By Elina Lingappa
SAN FRANCISCO, CA – SF District Attorney Chesa Boudin joined Californians for Safety and Justice (CSSJ) at a virtual town hall this week that was designed to highlight two California legislative measures to uplift the voices of victims of police violence.
The town hall took place during the organization’s series, “Survivors Speak,” hosted during National Crime Victims’ Rights Week.
This event, themed “From Healing to Action,” featured an array of speakers including District Attorney Chesa Boudin, State Senator Connie M. Leyva, Assemblymember Jones-Sawyer, and survivor leaders from around the around California.
Moderator Tinisch Hollins began the event by stating, “We have to confront the failures of our public safety systems and where they have failed to keep our communities safe, specifically Black, Brown, People of Color, and marginalized communities.”
The first half of the event focused heavily on Senate Bill 299: Victim Compensation, which was introduced by Senator Leyva.
The lawmaker described how there are various existing victim compensation programs, which make programs and support available for crime victims.
However, victims of police brutality are rarely encompassed in these programs. Obtaining a police report of police violence is not only difficult but the product is also often biased.
George Floyd’s case exemplifies this, as the initial police release was misleadingly titled, “Man Dies After Medical Incident During Police Interaction.”
His cause of death is now acknowledged as the fault of police—SB 299 would ensure victim compensation for crimes of police brutality.
District Attorney Boudin also spoke on his co-sponsorship of the Bill.
In describing San Francisco’s more established victim compensation programs, he underscored the importance of centering “all victims or survivors regardless of who caused harm, whether it’s domestic violence, or whether it’s caused by someone with mental illness, or whether it’s caused by someone wearing a uniform and a star.”
The panel also featured several survivors and family members of victims that endorsed SB 299.
One such speaker was Stephanie Hatten, whose adult son had been killed at the hands of police.
Hatten underscored her grandson’s need for mental health services—he witnessed his father’s death firsthand. SB 299 would have provided such care for crime victims and their families. According to her, these services would not only help her grandson as an individual, but would also address a cycle of trauma and violence.
“To know what could happen without those trauma services, I’m afraid,” she admitted, “we’re going to repeat something.”
Ashley and Michelle Monterrosa, a pair of sisters in their 20s, spoke next.
“We’ve been on this journey for 10 months, but for us every day is June 2,” Ashley said in reference to the day their brother was killed.
The sisters, like Hatten, applauded the extensive mental health services provided by SB 299.
They also underscored the importance of financial aid, as their brother had been the primary financial provider for their house, and they ultimately turned to GoFundMe to fundraise for his funeral costs.
This is not an uncommon experience, they emphasized.
“[Our parents] immigrated here to give us the quote-on-quote American dream, only to be met with American terror,” Michelle said. “SB 299 actually recognizes us as survivors, we’re actually being humanized.”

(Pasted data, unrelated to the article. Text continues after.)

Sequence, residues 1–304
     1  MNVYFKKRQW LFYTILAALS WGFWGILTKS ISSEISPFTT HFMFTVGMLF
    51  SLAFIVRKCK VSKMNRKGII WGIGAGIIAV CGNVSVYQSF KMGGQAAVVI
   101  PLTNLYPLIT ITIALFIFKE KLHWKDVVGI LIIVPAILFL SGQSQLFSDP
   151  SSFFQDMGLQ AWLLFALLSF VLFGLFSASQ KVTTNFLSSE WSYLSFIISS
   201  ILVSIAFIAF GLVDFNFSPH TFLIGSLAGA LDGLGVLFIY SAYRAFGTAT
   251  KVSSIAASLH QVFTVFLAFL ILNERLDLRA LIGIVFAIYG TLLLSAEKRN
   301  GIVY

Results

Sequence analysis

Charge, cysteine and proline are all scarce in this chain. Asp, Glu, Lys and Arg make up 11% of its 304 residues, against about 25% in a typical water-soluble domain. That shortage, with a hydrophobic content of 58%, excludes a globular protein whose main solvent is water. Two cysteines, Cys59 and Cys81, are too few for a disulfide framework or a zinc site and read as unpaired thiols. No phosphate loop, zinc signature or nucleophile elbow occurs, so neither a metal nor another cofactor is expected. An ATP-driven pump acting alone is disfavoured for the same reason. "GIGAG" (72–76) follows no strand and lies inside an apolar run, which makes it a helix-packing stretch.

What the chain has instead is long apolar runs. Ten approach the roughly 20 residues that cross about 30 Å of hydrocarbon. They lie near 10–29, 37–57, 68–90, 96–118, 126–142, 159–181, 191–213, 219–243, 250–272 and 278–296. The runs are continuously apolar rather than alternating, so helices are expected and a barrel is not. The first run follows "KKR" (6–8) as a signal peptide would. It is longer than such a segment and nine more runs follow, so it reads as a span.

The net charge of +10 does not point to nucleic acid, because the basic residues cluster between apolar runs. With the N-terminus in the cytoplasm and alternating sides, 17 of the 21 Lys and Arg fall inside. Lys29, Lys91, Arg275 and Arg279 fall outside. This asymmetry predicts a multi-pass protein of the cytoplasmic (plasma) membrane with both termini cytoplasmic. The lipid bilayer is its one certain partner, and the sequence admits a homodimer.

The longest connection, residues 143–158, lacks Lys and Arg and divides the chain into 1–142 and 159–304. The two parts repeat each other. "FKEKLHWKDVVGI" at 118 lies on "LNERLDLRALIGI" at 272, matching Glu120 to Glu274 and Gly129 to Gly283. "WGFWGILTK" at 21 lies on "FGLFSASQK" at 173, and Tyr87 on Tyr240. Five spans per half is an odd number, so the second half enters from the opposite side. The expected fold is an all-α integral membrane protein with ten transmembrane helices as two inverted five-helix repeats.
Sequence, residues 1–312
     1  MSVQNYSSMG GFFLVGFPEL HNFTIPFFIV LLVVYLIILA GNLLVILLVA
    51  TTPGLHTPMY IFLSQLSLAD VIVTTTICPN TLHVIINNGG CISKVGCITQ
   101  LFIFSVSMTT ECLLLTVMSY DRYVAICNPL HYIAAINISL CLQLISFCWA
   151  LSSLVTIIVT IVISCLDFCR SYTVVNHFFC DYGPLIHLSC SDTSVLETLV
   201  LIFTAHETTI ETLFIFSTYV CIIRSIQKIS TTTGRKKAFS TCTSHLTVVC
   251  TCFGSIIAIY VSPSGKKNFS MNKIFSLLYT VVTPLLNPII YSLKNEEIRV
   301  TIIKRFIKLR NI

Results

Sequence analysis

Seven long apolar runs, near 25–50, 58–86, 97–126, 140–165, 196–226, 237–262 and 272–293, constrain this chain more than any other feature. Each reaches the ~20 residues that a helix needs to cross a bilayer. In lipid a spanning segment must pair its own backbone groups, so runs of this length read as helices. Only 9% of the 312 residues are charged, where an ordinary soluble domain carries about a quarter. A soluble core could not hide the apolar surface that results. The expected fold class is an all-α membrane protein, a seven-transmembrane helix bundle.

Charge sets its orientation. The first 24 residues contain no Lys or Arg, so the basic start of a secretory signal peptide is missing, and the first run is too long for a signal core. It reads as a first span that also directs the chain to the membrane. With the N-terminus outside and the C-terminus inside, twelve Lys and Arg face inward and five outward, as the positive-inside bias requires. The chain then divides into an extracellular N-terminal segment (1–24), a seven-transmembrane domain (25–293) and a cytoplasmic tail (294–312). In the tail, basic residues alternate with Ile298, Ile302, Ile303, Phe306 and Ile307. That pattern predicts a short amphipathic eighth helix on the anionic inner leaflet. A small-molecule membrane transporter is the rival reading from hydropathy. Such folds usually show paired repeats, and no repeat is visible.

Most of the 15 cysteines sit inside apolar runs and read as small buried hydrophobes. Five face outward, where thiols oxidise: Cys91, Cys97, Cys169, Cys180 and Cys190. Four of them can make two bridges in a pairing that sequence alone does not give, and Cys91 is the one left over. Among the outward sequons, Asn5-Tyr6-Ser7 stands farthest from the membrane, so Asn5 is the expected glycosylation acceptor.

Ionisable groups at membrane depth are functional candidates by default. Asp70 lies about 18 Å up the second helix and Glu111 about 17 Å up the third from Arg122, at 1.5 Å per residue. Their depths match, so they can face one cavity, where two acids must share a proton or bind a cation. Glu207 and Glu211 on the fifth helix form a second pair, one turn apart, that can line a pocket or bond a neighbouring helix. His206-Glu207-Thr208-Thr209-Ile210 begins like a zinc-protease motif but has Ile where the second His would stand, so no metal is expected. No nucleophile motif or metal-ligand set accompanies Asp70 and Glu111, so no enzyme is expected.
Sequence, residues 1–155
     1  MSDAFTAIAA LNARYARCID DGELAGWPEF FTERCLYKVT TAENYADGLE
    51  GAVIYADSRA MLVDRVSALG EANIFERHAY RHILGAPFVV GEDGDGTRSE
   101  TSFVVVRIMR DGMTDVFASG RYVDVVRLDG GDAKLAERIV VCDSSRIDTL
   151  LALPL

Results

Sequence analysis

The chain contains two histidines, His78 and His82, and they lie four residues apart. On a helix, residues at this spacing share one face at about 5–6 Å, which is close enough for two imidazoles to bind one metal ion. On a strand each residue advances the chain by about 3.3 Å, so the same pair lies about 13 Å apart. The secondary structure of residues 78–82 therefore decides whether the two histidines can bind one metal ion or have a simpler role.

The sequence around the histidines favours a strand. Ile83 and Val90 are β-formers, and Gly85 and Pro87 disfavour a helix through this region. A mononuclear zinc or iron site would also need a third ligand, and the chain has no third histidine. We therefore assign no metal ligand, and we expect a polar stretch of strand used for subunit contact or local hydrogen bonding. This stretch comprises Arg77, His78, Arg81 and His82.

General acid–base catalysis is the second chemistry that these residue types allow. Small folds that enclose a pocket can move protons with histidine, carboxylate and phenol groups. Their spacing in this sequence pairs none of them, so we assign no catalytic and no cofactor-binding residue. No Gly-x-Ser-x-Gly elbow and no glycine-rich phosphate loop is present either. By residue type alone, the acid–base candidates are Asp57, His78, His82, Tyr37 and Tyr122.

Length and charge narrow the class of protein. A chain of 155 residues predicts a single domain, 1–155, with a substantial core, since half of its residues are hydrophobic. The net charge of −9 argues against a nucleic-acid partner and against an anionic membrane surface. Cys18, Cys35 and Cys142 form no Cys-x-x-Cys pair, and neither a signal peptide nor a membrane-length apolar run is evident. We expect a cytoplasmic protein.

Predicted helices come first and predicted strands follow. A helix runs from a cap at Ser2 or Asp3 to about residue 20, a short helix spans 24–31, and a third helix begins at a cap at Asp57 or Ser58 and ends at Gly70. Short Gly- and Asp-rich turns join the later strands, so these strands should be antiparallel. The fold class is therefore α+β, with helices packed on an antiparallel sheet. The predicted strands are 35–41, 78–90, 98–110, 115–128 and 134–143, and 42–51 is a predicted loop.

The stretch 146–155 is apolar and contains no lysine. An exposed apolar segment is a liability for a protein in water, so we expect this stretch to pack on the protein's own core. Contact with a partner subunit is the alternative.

The other bill underscored in the town hall was AB 95, which provides unpaid bereavement leave to Californians when a close family member dies.
Organizers and those with personal experience vocally endorsed the measure.
Mariko Yoshihara from the California Employment Lawyers Association was among the next speakers, underscoring the importance of caring for working class communities during their times of grief and loss, particularly during the pandemic.
“California’s working class is the backbone of our society,” she said in support of AB 95.
Adela Bara, speaking for Life After Uncivil Ruthless Acts (LAURA), hoped to bring Spanish-speaking communities into the conversation around AB 95.
In both English and Spanish, she emphasized the need for immigrant workers to take time off, especially as they have been largely impacted by COVID-19.
Two community organizers also came forward to talk about their own experiences with loss and bereavement leave.
Tamara Walker described how she was fired from her job when she took time to support her children after the devastating loss of their father.
Heather King Jeter spoke on her need to take time off work after her 16-year-old son died, noting, “My son was a victim, but so am I.”
The virtual panel came at a time when exploring victimhood and crime response is a relevant topic.
It was mere days after former cop Derek Chauvin was found guilty on three counts of murder and manslaughter of George Floyd, a monumental verdict in the history of police brutality.
From the opposing right wing, many are questioning the methods of DA Boudin’s progressive prosecuting. Nonetheless, Boudin’s steadfast commitment to victims and survivors remains clear, even at this event.
“The way we treat victims,” he said, “and how we listen to and support them says a tremendous amount about who we are as a society.”
DA Boudin, CSSJ, and numerous additional organizations and impacted community members continue to push for awareness around these bills and victims’ rights.
Elina Lingappa is a sophomore at the University of San Francisco double majoring in Sociology and Politics. She is originally from Seattle, Washington, and she is deeply passionate about the spheres of criminal justice and education equity.
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